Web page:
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O holy and eternal God, the kind father of all thy creatures, who lovest us and desirest our true perfection and happiness, and who shall be able to defeat what thou desirest to accomplish?
We bow down before thy footstool, with humble reverence and gratitude, that it hath · pleased thee to form us in the number of thine higher order of beings, who are capable of being made fit for the enjoyment of that felicity that ariseth from the knowledge of thee, and from the practice of righteousness and holiness in which thou delightest.
Teach us, O Lord, to improve this thine unspeakable benefit conferred upon us, and to go on with cheerfulness in thy holy ways, under a full assurance that thou art ever with us, and, by thy good spirit and providence, dost secretly and invisibly protect and assist all those that seek to do thy will with diligence and sincerity.
Preserve us from debasing sloth and indolence, which stop all inquiries after thee, the light of life, and from all those criminal passions, which indispose men for the reception
thy holy truth ; that not the love of the world, nor of the things of it, but the love of thee, O Father, may dwell in us.
Finally, O God, we acknowledge with wonder, and with all thankfulness, the demonstration of thy love and kind designs for us, which thou hast manifested to us by our Lord Jesus Christ.
Endow us with such pious and upright dispositions towards thee, that we may be amongst those who are drawn of thee to believe in him, and to become his true disciples ; that we may follow him in the way that leadeth unto the life everlasting, to which in thy mercy thou hast by him promised to bring us.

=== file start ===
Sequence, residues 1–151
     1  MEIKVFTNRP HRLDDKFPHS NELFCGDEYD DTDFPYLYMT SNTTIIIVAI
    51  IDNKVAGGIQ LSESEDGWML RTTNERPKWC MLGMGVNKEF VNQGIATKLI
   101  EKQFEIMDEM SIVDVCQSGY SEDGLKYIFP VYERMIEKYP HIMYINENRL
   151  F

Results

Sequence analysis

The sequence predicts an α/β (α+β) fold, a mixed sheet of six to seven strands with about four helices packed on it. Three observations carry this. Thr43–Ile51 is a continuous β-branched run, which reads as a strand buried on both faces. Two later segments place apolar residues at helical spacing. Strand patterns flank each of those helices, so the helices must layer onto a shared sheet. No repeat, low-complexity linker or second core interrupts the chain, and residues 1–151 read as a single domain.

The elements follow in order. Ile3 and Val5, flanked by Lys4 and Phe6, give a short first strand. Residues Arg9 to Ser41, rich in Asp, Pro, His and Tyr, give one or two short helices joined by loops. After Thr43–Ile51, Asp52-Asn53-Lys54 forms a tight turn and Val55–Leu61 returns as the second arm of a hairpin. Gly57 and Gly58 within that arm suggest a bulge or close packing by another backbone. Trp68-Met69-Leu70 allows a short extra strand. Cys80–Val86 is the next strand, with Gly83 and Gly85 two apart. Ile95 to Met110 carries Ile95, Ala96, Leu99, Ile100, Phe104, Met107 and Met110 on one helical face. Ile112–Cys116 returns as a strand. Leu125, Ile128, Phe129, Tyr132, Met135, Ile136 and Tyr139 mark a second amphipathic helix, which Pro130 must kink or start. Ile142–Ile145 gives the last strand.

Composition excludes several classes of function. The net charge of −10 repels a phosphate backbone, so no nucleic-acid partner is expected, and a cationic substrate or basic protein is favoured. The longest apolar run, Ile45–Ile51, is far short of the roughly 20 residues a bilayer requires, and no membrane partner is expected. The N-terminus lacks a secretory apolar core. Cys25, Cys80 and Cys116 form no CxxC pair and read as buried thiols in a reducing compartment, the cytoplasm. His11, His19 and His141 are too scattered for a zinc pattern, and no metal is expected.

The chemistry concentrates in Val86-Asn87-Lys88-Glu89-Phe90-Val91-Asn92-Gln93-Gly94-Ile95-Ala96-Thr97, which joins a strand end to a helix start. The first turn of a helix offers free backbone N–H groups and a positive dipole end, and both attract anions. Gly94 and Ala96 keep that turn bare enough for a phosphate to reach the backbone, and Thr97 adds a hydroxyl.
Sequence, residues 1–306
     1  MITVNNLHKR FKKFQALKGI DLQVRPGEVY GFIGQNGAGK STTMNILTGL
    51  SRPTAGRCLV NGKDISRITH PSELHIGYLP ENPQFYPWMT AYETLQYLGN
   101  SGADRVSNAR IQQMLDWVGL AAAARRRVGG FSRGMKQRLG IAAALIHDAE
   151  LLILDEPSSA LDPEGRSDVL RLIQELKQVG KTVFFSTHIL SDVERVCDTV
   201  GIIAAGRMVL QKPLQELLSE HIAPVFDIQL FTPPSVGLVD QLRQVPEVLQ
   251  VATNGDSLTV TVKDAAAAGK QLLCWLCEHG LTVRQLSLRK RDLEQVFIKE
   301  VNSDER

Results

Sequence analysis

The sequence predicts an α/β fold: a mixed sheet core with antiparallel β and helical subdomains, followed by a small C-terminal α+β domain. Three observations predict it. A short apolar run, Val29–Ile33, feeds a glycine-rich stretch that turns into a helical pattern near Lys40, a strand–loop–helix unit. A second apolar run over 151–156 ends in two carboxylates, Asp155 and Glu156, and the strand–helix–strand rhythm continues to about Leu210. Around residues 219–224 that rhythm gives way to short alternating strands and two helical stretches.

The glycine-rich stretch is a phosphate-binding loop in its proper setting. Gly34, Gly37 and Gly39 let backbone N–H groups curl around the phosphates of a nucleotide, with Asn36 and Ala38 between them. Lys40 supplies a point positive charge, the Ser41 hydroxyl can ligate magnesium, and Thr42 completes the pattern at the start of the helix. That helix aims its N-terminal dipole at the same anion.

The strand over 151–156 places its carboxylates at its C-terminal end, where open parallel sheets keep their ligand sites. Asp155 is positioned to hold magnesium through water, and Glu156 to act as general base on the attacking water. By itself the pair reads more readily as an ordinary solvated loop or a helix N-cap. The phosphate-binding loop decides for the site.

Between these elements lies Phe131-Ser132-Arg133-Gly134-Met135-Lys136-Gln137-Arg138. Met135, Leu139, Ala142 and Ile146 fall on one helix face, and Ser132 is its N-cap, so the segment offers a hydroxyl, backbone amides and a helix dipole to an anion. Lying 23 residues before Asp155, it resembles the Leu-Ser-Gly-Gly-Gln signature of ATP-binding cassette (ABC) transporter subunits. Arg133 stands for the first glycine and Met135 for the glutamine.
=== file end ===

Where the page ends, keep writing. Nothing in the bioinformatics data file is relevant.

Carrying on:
Unto thee, O Father, the only living and true God, &c.
March 14, 1779.
Luke vii. 13.
And when the Lord saw her, he had compassion
on her, and said unto her ; Weep not.
These words express the emotions of our Lord's heart, and his tender behaviour at one of those sad but common sights of woe, to which this our state of mortality and trial exposes us.
It was on his progress to teach men the most important truths from God, when at the entrance of one of the towns of Galilee there was a dead person at that moment carrying out to be buried, the only son of his mother, and she was a widow, and many people of the town had come out with her to attend the funeral.
The loss of a child is a most natural ground of sorrow; that of an only child, a cause of still greater sorrow; especially if, as in the
present case, the lamented object were past childhood, and growing up to years of riper understanding, which appears by our Lord's calling him Young man. He might also be of amiable dispositions and promising talents, which might make him not only very dear to his mother, but the delight of his friends, and an object of general esteem. Alas! how short-lived and uncertain are all our' enjoyments and prospects in this world! and how little to be depended upon! and yet we too much depend on their being continued to us, and therefore are miserable in the loss of them.
Our Lord would not have bid the woman to cease weeping, if he had not possessed both the power and the disposition to remove the cause of her grief and tears.
We seldom find him performing any miraculous cure, unless where he was applied to for it; that he might avoid all appearance of self-seeking and vain-glory, where the glory of God and the end of his mission from him were alone to be consulted. But here he judged it fitting to go out of his ordinary course and give way to his feelings, to obey the dictates of that lovely instinct implanted